2019-B/ March 2019                    Class A notes due 2059             $ 163,325             3.75  %          15.00  %       $ 24,499$ 18,372
                                      Class B notes due 2059             $  15,244             5.25  %          15.00  %       $  2,287$  2,287
                                      Trust certificates                 $  39,198                -  %          15.00  %       $  5,880$  5,976Ajax Mortgage Loan Trust
2019-C/ May 2019                      Class A notes due 2058             $ 150,037             3.95  %           5.00  %       $  7,502$  6,568
                                      Class B notes due 2058             $  14,003             5.25  %          34.00  %       $  4,761$  4,761
                                      Trust certificates                 $  36,009                -  %          34.00  %       $ 12,243$ 12,417Ajax Mortgage Loan Trust
2019-E/September 2019                 Class A notes due 2059             $ 181,101             3.00  %          20.00  %       $ 36,220$ 30,747
                                      Class B notes due 2059             $  16,903             4.88  %          20.00  %       $  3,381$  3,381
                                      Trust certificates                 $  43,464                -  %          20.00  %       $  8,693$  8,558Ajax Mortgage Loan Trust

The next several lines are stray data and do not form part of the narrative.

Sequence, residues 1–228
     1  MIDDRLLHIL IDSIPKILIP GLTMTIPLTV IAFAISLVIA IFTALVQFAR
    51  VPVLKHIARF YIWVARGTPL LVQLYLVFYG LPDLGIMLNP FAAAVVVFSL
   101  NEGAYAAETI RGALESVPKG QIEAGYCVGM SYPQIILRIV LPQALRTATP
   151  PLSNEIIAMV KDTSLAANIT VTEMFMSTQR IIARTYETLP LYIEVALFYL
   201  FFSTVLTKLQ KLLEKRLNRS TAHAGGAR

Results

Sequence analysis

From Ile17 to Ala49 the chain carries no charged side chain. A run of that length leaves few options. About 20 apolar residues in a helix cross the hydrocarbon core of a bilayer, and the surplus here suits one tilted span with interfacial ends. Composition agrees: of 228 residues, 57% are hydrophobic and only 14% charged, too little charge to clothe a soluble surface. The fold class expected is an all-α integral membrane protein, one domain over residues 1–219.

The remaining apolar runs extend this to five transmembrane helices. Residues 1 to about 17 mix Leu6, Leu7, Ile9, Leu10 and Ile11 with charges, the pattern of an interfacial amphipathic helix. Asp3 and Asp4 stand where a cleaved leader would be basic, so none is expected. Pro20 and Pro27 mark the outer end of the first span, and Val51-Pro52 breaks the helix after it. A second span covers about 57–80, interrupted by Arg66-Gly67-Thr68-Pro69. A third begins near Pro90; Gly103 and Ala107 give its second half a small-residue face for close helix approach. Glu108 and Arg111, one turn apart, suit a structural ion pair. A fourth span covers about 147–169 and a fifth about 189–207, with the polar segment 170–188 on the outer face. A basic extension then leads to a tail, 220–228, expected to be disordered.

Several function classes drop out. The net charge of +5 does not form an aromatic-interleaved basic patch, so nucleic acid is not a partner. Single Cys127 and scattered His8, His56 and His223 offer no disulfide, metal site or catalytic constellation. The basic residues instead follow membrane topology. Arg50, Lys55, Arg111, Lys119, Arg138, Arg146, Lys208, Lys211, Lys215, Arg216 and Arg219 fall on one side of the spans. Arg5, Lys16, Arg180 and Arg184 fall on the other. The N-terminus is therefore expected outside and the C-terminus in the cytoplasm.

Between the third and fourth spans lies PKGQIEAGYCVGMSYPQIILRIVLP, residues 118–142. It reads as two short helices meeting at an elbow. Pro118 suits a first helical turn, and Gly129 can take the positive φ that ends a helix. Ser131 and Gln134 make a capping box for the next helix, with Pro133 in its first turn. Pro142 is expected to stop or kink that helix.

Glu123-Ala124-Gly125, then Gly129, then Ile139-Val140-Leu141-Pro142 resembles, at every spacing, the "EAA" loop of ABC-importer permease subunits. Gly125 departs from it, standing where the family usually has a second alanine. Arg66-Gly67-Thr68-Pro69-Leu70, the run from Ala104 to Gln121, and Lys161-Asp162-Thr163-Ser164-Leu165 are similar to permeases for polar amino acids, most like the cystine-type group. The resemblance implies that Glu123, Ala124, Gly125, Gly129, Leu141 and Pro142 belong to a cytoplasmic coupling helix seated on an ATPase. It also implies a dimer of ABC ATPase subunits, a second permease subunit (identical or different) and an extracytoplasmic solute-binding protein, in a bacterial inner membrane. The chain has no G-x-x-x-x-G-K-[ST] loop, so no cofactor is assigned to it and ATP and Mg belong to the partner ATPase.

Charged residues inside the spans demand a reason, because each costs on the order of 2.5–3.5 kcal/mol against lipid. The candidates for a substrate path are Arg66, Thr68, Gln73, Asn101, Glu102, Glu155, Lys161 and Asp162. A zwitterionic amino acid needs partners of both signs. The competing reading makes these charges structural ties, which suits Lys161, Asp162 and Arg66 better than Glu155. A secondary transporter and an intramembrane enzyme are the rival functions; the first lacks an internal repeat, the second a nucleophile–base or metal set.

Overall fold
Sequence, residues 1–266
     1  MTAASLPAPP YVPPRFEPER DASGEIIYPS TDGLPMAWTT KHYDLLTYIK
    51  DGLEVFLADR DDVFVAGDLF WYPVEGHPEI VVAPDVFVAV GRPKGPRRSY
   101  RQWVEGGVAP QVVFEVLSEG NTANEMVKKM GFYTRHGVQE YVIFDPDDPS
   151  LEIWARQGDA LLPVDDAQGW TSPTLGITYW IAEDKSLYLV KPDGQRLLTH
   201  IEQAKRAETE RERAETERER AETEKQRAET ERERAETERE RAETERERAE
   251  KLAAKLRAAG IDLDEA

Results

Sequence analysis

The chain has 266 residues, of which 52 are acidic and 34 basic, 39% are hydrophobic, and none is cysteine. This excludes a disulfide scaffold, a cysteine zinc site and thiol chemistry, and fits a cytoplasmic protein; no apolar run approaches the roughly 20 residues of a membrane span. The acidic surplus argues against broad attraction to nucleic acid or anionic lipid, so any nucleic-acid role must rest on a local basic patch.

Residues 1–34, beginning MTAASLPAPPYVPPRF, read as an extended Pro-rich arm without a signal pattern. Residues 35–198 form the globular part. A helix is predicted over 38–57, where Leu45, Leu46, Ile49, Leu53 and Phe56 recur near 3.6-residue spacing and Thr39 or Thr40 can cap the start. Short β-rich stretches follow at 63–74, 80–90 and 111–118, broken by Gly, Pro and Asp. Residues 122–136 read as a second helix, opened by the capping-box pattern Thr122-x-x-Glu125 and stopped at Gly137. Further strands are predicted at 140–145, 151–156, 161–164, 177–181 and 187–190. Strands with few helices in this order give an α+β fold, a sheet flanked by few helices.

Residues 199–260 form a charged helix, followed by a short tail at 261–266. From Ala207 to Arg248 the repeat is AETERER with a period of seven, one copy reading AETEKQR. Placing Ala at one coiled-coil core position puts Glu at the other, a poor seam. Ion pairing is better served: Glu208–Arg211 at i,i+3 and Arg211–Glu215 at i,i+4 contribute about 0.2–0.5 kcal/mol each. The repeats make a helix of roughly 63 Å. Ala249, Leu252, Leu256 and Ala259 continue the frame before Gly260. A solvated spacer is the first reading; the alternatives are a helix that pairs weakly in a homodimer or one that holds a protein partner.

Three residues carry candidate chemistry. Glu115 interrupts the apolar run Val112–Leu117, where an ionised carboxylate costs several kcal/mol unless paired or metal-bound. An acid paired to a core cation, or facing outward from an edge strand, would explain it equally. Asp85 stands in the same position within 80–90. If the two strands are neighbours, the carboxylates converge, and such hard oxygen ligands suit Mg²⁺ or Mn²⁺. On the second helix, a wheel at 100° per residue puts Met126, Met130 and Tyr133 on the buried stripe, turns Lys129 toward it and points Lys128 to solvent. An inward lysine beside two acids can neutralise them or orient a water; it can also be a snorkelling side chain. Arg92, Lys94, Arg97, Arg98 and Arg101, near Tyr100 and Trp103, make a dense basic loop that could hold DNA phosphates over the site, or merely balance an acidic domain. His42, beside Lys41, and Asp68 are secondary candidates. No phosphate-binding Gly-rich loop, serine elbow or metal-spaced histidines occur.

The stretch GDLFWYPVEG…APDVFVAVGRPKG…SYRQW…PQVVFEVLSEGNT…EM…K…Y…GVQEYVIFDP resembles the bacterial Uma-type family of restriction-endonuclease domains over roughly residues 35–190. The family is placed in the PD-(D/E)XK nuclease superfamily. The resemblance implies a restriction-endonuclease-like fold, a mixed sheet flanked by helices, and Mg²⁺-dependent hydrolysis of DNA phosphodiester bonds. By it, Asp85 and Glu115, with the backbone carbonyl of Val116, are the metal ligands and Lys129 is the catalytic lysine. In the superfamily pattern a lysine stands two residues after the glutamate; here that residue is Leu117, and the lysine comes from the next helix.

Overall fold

2019-G/ December 2019                 Class A notes due 2059             $ 141,420             3.00  %          20.00  %       $ 28,284$ 27,271
                                      Class B notes due 2059             $  13,199             4.25  %          20.00  %       $  2,640$  2,640
                                      Trust certificates                 $  33,941                -  %          20.00  %       $  6,788$  6,820Ajax Mortgage Loan Trust
2019-H/ December 2019                 Class A notes due 2059             $  90,381             3.00  %          20.00  %       $ 18,076$ 15,831
                                      Class B notes due 2059             $   8,435             4.25  %          20.00  %       $  1,687$  1,687
                                      Trust certificates                 $  21,692                -  %          20.00  %       $  4,338$  4,375Ajax Mortgage Loan Trust
2020-A/ March 2020                    Class A notes due 2059             $ 249,384             2.38  %          20.00  %       $ 49,877$ 45,368
                                      Class B notes due 2059             $  23,276             3.50  %          20.00  %       $  4,655$  4,428
                                      Trust certificates                 $  59,852                -  %          20.00  %       $ 11,970$ 11,970